By Jim Schutze
By Rachel Watts
By Lauren Drewes Daniels
By Anna Merlan
By Lee Escobedo
By Eric Nicholson
At 5 o'clock in the morning, a van pulls into the deserted parking lot outside the Richardson public library. Ordinarily at this time, a group of Falun Gong practitioners would be gathering for their morning exercises, but today they have a more urgent mission. They will spend the next week inside this van, touring the Deep South before surfacing at a public rally outside the U.S. Capitol.
The rally, expected to draw 3,000 attendees from across the country, will commemorate the second anniversary of the day the Chinese government declared Falun Gong an "evil cult" and outlawed its practice. The move paved the way for a bloody crackdown that has left more than 250 people dead, many of them tortured to death while in police custody. Another 10,000 practitioners have been sent to labor camps without trial because of their beliefs, while 50,000 have been similarly detained in prisons and mental hospitals.
Dakun Sun, the trip's voluntary organizer, emerges from the lumbering vehicle. Originally Sun planned to fly to Washington, D.C., but yesterday he decided to rent a van so a group of practitioners, who like him are scheduled to arrive in Houston for a 9 a.m. news conference, can join the tour. The group will stop in seven cities en route to D.C., but it is unclear what exactly it will do once it gets there. Other details, such as where the group members will sleep, are similarly foggy.
"I haven't thought about that," Sun says.
Sun has slept for only two hours, but he is undaunted by the prospect of a four-hour drive. The ability to travel is a freedom he cherishes. Last year, Sun contacted the Chinese Consulate in Houston to renew his passport only to have it seized. Because he is not a U.S. citizen, Sun is trapped in the United States.
"I had a hard time explaining to my manager why I couldn't travel to other countries for work," says Sun, a software engineer who left Beijing six years ago. "I know it's related to Falun Gong, but [government officials] fail to give me an answer."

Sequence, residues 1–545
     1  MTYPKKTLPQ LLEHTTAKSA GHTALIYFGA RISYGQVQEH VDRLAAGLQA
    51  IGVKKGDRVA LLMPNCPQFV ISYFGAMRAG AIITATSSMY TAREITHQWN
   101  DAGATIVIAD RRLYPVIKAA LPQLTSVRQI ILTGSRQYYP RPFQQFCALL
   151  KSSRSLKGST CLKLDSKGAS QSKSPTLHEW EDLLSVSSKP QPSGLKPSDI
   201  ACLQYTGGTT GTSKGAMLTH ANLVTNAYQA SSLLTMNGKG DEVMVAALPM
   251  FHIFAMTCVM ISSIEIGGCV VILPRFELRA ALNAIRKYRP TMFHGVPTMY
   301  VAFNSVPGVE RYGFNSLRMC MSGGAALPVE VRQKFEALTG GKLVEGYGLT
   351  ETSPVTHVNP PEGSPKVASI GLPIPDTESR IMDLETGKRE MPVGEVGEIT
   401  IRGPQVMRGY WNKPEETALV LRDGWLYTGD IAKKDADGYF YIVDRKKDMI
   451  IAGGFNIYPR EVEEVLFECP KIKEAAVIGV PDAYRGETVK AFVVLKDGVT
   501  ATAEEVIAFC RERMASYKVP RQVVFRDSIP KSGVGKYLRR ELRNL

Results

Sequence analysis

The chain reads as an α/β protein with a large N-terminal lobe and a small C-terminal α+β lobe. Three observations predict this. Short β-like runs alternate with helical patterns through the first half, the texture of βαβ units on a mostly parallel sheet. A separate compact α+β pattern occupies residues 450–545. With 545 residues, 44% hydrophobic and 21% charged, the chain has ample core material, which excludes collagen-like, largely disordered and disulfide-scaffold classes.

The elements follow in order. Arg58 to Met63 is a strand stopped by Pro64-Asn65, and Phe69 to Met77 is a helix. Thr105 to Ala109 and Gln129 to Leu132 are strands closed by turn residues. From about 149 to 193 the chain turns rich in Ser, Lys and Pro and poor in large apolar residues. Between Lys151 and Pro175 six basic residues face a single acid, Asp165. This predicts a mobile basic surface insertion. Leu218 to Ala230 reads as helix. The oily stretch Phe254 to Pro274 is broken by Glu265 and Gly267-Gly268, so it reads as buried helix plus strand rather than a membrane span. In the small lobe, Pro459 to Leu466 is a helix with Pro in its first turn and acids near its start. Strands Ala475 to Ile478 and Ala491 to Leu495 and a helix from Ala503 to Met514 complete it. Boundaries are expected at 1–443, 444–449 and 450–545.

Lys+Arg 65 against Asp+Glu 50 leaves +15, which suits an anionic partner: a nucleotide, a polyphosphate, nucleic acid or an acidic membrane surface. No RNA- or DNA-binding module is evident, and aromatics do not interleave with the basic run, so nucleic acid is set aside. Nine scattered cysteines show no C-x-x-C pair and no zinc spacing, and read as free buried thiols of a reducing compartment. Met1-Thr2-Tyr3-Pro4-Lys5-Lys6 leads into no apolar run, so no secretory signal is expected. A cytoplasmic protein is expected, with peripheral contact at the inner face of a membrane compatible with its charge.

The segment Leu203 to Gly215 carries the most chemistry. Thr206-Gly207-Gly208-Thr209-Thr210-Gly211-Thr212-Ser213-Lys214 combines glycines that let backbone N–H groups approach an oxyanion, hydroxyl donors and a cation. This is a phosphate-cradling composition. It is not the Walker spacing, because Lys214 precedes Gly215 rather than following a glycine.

Sun suspects he knows what the problem is: His name appears on a Web site, www.falundallas.net, as one of six local Falun Gong contacts. Anyone interested in learning Falun Gong can download free information from the site, contact Sun or simply show up at any of the half-dozen practice sites in Dallas. "I bet that's where they found my information. They matched my name on the Web site with my passport," Sun says. "They have robbed me of my nationality."
Sun is not alone in his predicament.
A minivan carrying Kitty Wang, David Kang and Xuehai Li arrives. Later in the week, they will fly to D.C., but they have decided to spend today in Houston. Like Sun, they listed themselves as Dallas-area contacts on the Web site and, in doing so, made themselves outlaws back home. Besides Li, who is a U.S. citizen, Wang and Kang still have clearance to return to China, but traveling there is a risk they dare not take. Wang, 27 and a business student at Southern Methodist University, recently learned the reason.
Last year, Wang returned to Beijing and was arrested while practicing Falun Gong in a public park. She was detained at a police station, where she was denied food and water. During interrogations, Wang says the police threatened to send her to a labor camp unless she identified herself. After two days, Wang relented and, in the process, put her family at risk: She fears the Chinese government could punish them in retaliation for her activities in Dallas.
"The Chinese government knows my name. They may threaten my family. That very well may happen," Wang says. "At this moment, if there is no change in China, and if I were to go back to China, I would be sent to a labor camp."
Wang says she is obligated to continue to raise awareness about Falun Gong by speaking publicly about it, even if that puts her family in jeopardy. To do otherwise, Li explains, would go against the philosophy of Falun Gong.
"We need to be benevolent. We need to be nice to people, but when they hurt us we need to be tolerant. This is the power of tolerance," Li says. "To understand this, you have to go back and look at what Falun Gong is about."
The two-car caravan rolls onto the highway and turns south. During the next week, these practitioners, and others who will join them, hope to tell the American public the truth about Falun Gong--about their goals, the Chinese government's crackdown against them, their own personal scars and the family members they've left behind. Whether America will understand remains to be seen.
It is not surprising the Chinese government views Falun Gong, or Falun Dafa as it is also known, as a threat. Since its founder, Li Hongzhi, or Master Li as he is called, began publicly teaching Falun Gong in 1992, he has attracted an estimated 70 million nonviolent "disciples." Outside China, Falun Gong says it has attracted an additional 30 million adherents in 40 countries, including the United States.